Anonymous
Not applicable

Mistaken HSA Contributions without HDHP

1. In 2020, I made HSA contributions *for tax year 2019*. Are these contributions still valid and eligible for the HSA tax benefits even though we don't have a HDHP plan in 2020? I think they are, but want to confirm. yes you can contribute post 12/31/2019 for 2019 even if you don't have a HDHP in 2020

 

2. I forgot about the HDHP requirement for HSA contributions and made some HSA contributions in 2020 *for tax year 2020*. Some of those funds have been used for medical expenses; some have not. I now realize I shouldn't have made those contributions. I don't think this affects 2019 tax filing, but looking ahead to 2020 taxes, what is the best course of action to take given that these mistaken HSA contributions have already been made?

IRC Code sec 223(f)

(3)Excess contributions returned before due date of return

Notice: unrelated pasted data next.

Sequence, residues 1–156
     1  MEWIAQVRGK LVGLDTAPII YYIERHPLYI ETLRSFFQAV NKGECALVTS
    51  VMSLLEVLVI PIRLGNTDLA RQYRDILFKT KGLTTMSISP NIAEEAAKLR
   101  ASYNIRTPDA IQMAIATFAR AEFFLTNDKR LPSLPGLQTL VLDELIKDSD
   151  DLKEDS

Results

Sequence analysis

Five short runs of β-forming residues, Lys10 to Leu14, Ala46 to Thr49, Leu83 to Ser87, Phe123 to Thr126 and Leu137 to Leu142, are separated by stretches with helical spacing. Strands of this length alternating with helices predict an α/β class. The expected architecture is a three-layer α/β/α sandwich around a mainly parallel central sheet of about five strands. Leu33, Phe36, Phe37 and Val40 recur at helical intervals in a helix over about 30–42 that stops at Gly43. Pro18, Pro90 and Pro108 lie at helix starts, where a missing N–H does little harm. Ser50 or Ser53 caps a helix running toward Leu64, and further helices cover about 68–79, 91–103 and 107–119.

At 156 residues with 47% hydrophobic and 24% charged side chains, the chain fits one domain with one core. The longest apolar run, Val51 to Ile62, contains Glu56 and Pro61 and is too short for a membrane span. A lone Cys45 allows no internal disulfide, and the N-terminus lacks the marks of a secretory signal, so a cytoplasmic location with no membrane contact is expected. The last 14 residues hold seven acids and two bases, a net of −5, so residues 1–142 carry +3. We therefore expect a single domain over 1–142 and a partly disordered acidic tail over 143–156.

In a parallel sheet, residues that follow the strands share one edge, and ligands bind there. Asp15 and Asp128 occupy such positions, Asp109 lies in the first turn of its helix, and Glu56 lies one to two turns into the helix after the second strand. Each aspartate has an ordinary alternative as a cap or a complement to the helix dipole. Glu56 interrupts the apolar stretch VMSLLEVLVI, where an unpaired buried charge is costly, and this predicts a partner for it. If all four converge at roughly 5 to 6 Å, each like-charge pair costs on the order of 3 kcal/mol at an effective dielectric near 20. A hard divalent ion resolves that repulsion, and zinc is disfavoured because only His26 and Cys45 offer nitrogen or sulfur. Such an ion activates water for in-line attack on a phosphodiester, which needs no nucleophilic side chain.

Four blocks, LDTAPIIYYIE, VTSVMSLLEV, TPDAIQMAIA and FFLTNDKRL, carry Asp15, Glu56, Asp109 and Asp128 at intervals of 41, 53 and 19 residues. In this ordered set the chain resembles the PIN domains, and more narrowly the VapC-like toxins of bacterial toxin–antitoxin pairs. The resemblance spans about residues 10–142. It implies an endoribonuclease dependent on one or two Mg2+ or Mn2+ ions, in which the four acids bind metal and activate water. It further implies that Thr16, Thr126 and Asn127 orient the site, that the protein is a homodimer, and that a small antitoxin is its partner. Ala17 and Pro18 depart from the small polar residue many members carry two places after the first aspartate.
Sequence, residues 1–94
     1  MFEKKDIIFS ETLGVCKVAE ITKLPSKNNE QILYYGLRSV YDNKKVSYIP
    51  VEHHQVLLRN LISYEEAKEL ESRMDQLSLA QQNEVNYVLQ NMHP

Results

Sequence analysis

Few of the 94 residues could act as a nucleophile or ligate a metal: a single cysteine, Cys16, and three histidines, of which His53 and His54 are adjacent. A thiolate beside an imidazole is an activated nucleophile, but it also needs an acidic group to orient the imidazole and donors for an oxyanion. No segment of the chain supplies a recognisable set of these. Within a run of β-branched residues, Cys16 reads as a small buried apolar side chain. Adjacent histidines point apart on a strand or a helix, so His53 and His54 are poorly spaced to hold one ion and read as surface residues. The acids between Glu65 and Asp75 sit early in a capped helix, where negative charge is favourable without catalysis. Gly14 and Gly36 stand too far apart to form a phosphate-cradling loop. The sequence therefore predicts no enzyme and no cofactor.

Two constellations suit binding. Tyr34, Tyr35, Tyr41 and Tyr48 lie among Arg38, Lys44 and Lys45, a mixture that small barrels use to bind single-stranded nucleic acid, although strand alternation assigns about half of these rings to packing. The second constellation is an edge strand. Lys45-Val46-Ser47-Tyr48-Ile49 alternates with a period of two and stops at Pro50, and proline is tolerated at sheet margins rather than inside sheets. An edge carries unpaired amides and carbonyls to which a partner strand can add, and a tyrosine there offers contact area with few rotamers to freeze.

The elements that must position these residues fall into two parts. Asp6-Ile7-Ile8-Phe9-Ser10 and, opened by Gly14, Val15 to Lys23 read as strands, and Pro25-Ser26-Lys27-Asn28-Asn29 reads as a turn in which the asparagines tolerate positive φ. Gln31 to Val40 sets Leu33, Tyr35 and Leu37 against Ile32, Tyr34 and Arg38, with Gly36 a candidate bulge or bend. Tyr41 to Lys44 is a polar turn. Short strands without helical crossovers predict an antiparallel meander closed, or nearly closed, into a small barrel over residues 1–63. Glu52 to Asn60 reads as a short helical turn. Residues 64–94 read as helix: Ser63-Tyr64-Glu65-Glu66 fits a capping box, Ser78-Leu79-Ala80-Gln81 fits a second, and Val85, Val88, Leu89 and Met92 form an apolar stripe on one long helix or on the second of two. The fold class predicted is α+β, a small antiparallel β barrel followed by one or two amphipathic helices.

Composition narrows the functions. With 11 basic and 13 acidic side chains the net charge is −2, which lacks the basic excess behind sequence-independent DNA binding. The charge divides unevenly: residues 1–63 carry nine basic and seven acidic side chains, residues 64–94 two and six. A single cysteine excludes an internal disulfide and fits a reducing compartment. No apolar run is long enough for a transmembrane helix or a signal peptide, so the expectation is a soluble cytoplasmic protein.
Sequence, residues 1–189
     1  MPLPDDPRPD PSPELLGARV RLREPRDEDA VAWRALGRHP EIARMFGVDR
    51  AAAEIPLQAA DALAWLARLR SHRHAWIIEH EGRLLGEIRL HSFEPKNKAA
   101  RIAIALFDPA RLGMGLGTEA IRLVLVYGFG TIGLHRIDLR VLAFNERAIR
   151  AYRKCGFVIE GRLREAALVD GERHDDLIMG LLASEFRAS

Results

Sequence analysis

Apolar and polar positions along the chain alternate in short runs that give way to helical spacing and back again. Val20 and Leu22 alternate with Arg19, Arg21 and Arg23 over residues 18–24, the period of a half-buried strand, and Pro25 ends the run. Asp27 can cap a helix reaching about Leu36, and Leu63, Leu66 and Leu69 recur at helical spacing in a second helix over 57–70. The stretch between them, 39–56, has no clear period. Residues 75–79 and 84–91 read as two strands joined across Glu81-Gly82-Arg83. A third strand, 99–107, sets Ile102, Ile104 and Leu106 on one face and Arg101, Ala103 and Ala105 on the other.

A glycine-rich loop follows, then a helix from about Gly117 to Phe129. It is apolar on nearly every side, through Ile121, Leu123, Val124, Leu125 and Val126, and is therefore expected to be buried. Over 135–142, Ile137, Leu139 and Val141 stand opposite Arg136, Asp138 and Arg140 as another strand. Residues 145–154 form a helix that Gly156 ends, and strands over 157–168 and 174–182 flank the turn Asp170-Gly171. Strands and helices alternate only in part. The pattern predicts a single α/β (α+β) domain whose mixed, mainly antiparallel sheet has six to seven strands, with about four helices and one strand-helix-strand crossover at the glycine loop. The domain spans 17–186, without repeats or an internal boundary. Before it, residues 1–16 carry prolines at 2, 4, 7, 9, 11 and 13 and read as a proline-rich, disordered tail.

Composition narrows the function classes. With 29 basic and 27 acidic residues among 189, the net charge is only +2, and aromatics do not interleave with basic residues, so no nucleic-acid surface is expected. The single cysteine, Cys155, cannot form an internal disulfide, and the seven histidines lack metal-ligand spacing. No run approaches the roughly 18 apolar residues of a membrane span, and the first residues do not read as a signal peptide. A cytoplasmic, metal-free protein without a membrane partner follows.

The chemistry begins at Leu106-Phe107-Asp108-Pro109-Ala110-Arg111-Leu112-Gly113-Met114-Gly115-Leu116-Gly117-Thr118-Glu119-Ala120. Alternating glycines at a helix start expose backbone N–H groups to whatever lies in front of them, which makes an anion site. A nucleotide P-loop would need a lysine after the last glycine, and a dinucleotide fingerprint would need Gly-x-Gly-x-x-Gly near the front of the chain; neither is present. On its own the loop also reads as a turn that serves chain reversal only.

(A)In general

If any excess contribution is contributed for a taxable year to any health savings account of an individual, paragraph (2) shall not apply to distributions (ie no inclusion in gross income for removal) from the health savings accounts of such individual (to the extent such distributions do not exceed the aggregate excess contributions to all such accounts of such individual for such year) if—
(i)such distribution is received by the individual on or before the last day prescribed by law (including extensions of time) for filing such individual’s return for such taxable year, and
(ii)such distribution is accompanied by the amount of net income attributable to such excess contribution.
Any net income described in clause (ii) shall be included in the gross income of the individual for the taxable year in which it is received.

 

so except for having to remove any remaining excess contributions (by 2020 return due date - I wouldn't wait - people sometimes forget and then the tax law is not so forgiving) and include in gross income for 2020 any income earned on the excess contributions, you should have no other tax consequences